Twitter has criticised Google for changes to its search tool unveiled on Tuesday, claiming they are "bad" for web users, as they make it harder to find information.
Google explained that the "Google, plus Your World" update would now start drawing on information from its Google+ social networking tool as part of its search returns in order to offer a more personalised search experience for users.
However, in a statement, Twitter said the enhancements would not help the web giant compete with it when it came to providing real-time, personalised information within its search results.
"Twitter has emerged as a vital source of this real-time information. As we've seen time again, news breaks first on Twitter. As a result, Twitter accounts and Tweets are often the most relevant (search) results," it said.
"We're concerned that, as a result of Google's changes, finding this information will be much harder for everyone. We think that's bad for people, publishers, news organisations and Twitter users."
The firm's general counsel for policy, trust and safety, Alex Macgillivray, tweeted that he thought the update from Google was a "bad day for the internet", as it would "warp" searches.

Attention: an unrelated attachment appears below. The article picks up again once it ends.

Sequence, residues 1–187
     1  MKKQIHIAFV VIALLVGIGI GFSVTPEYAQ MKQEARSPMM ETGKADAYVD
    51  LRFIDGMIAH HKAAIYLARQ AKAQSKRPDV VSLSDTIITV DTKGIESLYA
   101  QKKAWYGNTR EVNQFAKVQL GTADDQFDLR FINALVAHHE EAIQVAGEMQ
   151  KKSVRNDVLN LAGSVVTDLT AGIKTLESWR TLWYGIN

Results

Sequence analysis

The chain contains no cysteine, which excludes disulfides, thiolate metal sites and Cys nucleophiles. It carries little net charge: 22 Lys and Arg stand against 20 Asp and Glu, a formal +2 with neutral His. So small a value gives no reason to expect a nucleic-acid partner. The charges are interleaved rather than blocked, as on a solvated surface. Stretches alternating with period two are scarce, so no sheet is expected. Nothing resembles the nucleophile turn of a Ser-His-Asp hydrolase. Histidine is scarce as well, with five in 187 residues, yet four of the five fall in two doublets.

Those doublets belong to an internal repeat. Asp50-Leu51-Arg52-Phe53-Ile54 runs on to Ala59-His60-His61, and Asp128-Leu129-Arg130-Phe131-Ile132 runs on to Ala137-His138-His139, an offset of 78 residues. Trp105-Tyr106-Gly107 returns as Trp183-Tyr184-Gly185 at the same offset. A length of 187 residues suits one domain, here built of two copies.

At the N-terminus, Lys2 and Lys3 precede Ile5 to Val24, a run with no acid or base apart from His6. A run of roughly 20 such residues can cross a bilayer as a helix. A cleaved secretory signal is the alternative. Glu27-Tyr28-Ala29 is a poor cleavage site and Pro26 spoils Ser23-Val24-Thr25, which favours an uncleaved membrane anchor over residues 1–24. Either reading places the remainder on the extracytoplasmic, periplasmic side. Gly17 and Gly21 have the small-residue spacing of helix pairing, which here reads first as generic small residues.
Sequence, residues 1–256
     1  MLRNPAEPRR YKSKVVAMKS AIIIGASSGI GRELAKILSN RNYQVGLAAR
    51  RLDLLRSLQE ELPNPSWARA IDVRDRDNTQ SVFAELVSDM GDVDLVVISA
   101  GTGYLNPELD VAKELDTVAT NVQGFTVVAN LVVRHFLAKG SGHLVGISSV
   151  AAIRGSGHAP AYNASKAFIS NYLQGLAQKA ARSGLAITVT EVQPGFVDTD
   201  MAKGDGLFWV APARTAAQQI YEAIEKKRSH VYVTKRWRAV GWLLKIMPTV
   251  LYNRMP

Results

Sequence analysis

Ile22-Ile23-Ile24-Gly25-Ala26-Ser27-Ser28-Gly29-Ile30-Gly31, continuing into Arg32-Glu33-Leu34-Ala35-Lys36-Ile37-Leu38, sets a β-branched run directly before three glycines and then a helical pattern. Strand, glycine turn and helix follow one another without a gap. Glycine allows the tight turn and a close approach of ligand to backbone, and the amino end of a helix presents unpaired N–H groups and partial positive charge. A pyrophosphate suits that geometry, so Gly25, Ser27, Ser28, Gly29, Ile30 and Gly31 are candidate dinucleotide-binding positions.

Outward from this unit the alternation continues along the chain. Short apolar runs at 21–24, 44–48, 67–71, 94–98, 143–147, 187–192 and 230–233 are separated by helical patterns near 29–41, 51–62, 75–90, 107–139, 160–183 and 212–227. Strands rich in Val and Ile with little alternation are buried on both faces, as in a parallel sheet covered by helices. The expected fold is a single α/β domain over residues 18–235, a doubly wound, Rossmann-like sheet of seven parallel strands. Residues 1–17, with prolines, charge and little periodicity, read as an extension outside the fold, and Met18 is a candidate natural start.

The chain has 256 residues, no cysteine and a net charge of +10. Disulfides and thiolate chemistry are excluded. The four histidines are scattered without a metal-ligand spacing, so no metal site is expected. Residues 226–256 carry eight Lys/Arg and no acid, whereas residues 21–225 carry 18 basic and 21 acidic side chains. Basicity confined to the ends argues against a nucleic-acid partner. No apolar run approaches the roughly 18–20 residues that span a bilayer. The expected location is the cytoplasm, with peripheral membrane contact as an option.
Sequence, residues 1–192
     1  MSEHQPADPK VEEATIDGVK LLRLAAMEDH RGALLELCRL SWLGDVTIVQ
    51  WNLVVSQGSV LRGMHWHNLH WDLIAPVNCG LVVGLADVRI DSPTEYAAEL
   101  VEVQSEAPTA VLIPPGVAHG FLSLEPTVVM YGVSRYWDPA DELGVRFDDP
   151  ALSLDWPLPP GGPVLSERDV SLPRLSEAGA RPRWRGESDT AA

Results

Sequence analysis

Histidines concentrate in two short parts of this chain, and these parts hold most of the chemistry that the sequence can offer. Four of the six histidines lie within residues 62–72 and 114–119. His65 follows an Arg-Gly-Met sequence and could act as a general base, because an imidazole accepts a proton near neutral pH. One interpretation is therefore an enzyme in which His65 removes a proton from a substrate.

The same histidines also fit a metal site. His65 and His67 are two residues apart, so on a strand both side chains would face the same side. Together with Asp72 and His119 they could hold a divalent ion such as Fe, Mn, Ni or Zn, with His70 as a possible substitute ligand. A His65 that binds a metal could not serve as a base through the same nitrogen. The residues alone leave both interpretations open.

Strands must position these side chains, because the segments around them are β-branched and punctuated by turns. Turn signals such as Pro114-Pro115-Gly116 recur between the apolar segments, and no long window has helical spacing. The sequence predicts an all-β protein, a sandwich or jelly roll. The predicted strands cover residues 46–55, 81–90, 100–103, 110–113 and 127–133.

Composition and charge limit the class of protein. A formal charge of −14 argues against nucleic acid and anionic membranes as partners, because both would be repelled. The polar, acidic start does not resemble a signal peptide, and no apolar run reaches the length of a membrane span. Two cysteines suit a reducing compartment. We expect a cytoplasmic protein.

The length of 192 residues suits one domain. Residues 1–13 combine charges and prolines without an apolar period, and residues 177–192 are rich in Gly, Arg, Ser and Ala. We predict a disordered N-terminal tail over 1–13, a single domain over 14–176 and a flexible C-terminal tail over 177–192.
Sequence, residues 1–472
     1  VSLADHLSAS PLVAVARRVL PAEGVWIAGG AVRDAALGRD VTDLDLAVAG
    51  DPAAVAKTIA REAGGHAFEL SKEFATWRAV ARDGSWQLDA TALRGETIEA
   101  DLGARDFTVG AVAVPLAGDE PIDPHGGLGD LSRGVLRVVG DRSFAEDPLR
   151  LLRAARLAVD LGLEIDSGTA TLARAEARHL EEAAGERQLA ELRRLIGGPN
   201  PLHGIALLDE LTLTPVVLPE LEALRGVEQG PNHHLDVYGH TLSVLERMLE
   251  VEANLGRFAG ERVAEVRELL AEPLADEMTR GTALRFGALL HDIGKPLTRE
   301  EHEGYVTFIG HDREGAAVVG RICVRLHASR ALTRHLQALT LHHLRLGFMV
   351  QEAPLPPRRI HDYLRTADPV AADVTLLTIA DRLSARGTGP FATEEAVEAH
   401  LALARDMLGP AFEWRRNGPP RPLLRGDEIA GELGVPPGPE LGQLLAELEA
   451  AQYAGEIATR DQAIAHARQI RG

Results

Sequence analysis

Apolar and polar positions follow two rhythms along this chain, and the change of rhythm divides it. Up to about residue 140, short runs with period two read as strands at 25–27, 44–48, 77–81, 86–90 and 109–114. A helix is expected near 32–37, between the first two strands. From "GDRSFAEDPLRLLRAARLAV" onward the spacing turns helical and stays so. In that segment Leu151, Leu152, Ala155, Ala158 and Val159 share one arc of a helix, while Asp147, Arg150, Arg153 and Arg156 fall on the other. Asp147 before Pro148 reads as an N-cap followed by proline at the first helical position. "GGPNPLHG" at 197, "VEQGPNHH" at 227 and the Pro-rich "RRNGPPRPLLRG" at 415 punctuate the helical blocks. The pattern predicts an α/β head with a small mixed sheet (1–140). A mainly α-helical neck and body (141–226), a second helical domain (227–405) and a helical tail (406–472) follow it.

However, in a statement, and an update on its Google+ page, Google said it was unsure why Twitter had made the statement, claiming that it was the micro-blogging site that had called an end to the deal between the two firms that allowed Google to index Twitter messages within searches.
"We are a bit surprised by Twitter's comments about Search plus Your World, because it chose not to renew its agreement with us last summer," it said.
The spat between the two firms underlines the escalating battle for dominance in the social market as both firms attempt to emulate the success of Facebook.
Dan Worth is the news editor for V3 having first joined the site as a reporter in November 2009. He specialises in a raft of areas including fixed and mobile telecoms, data protection, social media and government IT. Before joining V3 Dan covered communications technology, data handling and resilience in the emergency services sector on the BAPCO Journal.